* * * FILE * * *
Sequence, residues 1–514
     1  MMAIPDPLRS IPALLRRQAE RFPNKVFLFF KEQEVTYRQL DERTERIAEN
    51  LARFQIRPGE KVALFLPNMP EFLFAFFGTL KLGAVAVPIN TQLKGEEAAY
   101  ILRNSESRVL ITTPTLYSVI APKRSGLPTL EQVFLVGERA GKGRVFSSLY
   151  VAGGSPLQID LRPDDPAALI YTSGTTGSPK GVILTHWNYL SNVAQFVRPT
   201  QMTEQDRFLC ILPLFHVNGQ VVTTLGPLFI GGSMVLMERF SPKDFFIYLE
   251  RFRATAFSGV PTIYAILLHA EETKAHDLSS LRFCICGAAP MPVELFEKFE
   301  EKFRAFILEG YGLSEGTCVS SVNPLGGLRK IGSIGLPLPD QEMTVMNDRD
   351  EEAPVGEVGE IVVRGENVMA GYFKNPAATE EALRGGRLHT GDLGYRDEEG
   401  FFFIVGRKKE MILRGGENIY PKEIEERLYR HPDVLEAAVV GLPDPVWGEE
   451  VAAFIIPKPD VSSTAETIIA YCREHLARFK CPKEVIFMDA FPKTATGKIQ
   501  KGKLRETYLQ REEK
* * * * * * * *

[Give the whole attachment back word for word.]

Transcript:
Sequence, residues 1–514
     1  MMAIPDPLRS IPALLRRQAE RFPNKVFLFF KEQEVTYRQL DERTERIAEN
    51  LARFQIRPGE KVALFLPNMP EFLFAFFGTL KLGAVAVPIN TQLKGEEAAY
   101  ILRNSESRVL ITTPTLYSVI APKRSGLPTL EQVFLVGERA GKGRVFSSLY
   151  VAGGSPLQID LRPDDPAALI YTSGTTGSPK GVILTHWNYL SNVAQFVRPT
   201  QMTEQDRFLC ILPLFHVNGQ VVTTLGPLFI GGSMVLMERF SPKDFFIYLE
   251  RFRATAFSGV PTIYAILLHA EETKAHDLSS LRFCICGAAP MPVELFEKFE
   301  EKFRAFILEG YGLSEGTCVS SVNPLGGLRK IGSIGLPLPD QEMTVMNDRD
   351  EEAPVGEVGE IVVRGENVMA GYFKNPAATE EALRGGRLHT GDLGYRDEEG
   401  FFFIVGRKKE MILRGGENIY PKEIEERLYR HPDVLEAAVV GLPDPVWGEE
   451  VAAFIIPKPD VSSTAETIIA YCREHLARFK CPKEVIFMDA FPKTATGKIQ
   501  KGKLRETYLQ REEK